Do I think that MDA was the right coach for this team? Nope. However, I think that most of the fault has to lie with DH12 for not giving consistent effort on defense and for not trying to find his offensive groove with Nash and Kobe.

    So, what needs to happen? Well, my knee-jerk reaction would be to find a decent trade for Howard before the deadline and get him out of here. Then, chalk this season up to a loss at this point and rebuild for one last chance next year with Gasol at center. Try to resign Earl Clark. Amnesty MWP.

    I could be wrong, but I just don’t see this happening this year. I do hope for the best though…


  3. P Ami: I enjoyed your post in the last thread. I agree with much of it, although I have a slightly different slant on the conclusions. You say the FO did its job, and I agree. We can be retroactive and state that they did not fill the bench very effectively, but in my opinion, that was all part of the gamble we took to get the big names. We all have our personal peeves. Many wanted a back up PG, and in my case I never wanted to part with the likes of Shannon and Barnes. However I think we need to give the FO credit for doing their job. We gambled and thus far we have lost, but we are all in this together and the FO does not have a crystal ball.

    You did allude to the fact that the FO was responsible for making a coaching change after the season started. And they obviously also decided on what that change should be so they are responsible in that area (good or bad). I will leave it at that.

    Your reference to injuries is of course valid. Clearly the Lakers have been hit hard and that has hindered our performance. The question is by how much? As a different reference than you chose, the C’s (old team like us), just lost their #1 and they have actually improved ! I will buy a drop of a few places in the rankings due to injuries, but to drop from a top 3-4 team (expectations), to outside of the top 20 in the league is not reasonable. Even if we were overrated and we were below the top 3-4 in the pre-season – a drop of 16 notches is not warranted.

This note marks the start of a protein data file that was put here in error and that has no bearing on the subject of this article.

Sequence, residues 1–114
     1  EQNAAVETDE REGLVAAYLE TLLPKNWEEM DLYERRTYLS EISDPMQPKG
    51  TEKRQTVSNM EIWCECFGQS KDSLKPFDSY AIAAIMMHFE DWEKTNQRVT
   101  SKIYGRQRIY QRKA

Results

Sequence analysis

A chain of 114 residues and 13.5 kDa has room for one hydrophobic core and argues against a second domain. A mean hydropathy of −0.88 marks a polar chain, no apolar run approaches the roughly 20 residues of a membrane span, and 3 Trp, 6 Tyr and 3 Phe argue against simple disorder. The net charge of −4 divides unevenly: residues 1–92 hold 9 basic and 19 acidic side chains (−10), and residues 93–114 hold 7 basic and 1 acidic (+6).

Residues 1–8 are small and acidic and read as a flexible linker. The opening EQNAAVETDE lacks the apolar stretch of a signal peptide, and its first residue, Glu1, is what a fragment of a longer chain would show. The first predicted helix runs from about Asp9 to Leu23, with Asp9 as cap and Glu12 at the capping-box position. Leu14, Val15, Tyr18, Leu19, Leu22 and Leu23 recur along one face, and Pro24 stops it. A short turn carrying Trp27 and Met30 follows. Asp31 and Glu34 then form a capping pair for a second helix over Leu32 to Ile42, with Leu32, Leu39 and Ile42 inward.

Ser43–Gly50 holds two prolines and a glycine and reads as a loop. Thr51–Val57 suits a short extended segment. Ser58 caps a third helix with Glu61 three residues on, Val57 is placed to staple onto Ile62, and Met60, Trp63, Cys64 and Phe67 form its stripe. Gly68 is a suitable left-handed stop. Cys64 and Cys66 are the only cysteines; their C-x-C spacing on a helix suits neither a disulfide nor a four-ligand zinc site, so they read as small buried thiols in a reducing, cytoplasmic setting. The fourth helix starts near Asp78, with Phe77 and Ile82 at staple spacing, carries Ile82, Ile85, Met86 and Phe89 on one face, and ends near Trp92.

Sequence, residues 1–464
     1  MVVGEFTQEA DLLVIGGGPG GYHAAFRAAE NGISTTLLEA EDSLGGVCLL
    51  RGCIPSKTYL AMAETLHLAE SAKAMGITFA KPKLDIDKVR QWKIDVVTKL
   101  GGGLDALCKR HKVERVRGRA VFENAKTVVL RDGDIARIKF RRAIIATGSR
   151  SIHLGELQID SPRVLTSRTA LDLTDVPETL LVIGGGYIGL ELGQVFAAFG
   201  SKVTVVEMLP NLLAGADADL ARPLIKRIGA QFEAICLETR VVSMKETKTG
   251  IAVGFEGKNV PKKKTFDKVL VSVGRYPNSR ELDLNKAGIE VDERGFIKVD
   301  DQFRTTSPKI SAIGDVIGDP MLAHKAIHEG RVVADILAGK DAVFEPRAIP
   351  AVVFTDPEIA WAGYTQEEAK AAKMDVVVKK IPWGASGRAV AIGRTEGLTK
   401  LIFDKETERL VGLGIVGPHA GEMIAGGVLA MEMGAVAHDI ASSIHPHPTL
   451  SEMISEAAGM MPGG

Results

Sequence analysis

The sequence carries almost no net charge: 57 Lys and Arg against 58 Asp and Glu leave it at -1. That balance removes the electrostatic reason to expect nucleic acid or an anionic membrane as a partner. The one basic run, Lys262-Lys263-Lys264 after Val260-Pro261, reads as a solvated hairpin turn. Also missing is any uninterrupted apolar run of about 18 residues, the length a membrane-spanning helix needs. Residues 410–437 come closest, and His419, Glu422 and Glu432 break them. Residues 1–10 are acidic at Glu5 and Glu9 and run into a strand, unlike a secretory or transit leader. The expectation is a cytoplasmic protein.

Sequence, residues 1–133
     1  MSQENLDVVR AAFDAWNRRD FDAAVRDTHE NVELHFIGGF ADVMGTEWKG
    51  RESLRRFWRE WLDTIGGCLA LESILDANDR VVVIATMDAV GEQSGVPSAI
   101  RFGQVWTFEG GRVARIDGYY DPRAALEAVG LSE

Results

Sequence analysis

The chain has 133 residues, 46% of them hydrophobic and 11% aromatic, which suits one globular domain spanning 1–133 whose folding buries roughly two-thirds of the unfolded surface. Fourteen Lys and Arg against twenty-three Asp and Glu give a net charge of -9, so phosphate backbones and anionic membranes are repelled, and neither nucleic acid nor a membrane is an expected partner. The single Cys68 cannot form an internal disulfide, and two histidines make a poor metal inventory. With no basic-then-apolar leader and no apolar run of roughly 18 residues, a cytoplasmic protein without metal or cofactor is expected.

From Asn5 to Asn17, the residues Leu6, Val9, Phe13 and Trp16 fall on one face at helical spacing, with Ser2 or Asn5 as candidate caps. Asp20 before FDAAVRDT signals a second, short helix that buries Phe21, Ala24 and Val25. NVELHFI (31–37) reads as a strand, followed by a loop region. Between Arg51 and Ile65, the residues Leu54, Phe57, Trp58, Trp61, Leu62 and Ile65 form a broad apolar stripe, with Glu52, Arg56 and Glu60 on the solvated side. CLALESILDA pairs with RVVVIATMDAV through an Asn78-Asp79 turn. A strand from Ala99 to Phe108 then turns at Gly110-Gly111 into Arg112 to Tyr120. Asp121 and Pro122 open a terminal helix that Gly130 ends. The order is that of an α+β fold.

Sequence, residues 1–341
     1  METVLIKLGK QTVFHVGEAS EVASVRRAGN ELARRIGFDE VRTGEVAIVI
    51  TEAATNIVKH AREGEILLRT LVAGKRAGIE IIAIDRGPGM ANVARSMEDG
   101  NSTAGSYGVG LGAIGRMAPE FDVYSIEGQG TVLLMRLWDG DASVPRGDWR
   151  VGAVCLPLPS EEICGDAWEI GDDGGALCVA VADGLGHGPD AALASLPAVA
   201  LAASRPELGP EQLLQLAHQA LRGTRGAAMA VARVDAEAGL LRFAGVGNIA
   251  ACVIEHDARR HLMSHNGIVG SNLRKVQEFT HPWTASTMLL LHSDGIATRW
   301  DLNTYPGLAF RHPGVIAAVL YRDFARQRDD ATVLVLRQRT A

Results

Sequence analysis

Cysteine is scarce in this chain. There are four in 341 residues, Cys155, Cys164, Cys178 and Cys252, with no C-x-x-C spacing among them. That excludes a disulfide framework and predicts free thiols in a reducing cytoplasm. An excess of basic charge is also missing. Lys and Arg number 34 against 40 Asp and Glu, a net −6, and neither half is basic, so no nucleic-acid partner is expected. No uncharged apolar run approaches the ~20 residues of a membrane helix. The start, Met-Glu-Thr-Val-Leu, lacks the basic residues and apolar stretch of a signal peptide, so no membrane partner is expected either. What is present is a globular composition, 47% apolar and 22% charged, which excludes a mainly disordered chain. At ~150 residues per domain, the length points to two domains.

We will have plenty of time for evaluation later, and we can of course still make the playoffs.

    However, short of an amazing season closing run, I just do not want to see the post season Laker spin machine try to tell us that the FO did a great job, the Coaches did a great job, Kobe did a great job, and DH deserves the maximum. While I do agree with a couple of those items, I can’t buy off on all of them simultaneously, because if they were all true – we would not be where we are.


  4. I’ve read plenty of comments from so many well meaning fans making suggestions on what it would take for the Lakers to reach the post-season and beyond. Player trades, coaching changes, attitude adjustments, different offenses, better defense, the list goes on & on.

    Currently Kobe is the easily the Lakers best player & their most reliable. But at this stage of his career he can no longer carry this team on a day to day basis. The Lakers were most successful during the Kobe era when Kobe was actually the 2nd scoring option. Kobe & Shaq (3 Final MVP’s) lead the Lakers to three consecutive titles at the turn of the century.

    Then teamed with Gasol, and as the top dog Kobe added another two titles (& 2 Final MVP’s) to the Lakers trophy case.

    This season, Nash & Howard, two future HOF’s were added to the team with horrible results (based on expectations). Think about it, Gasol, Howard, & Nash(3 HOF’s) individually & collectively are all having one of the most underwhelming seasons of their careers. Yet Kobe almost looks as good as ever.

    The chemistry issue makes me look at the bigger picture. Obviously Kobe has no respect for Howard or Gasol’s hearts.As far as Nash? So my questions, quite simply are:

    – which NBA players do Kobe respect?
    – are they attainable by the Lakers?
    – and would Kobe be willing to “pass the torch” to that player NOW?

    If the answers to question 2 &/or 3 are “no”, then the Lakers have no shot of adding title #17 to their collection during the Kobe era. Regardless of what they do.


  5. Miami did everything to slow down Kobe in the post with little success. Wade started out on him, than Battier, than Lebron, sprinkled in with some double teams and early traps. Regardless, Kobe had his way for the most part.

    It’s becoming increasingly clear that Kobe is the best post player on the team, and maybe in the league…and the sooner Dwight comes to grips with this, the better off the team will be. When Howard is in the post, he often gets stripped or sent to the line, with no offensive rebounders to grab his misses, especially with Pau and Hill out. Due to his health issues, he’s also missing quite a few easy layups.

    When Kobe is in the post, not only does the offense flow better, but it also leaves Dwight, the team’s best offensive rebounder, to grab the misses. Another addded benefit is Dwight’s man will stick to him like glue when Kobe is posting up, leaving the lane open. The offense is at it’s best with Kobe in the post, and Howard just needs to accept it and stop complaining about more touches.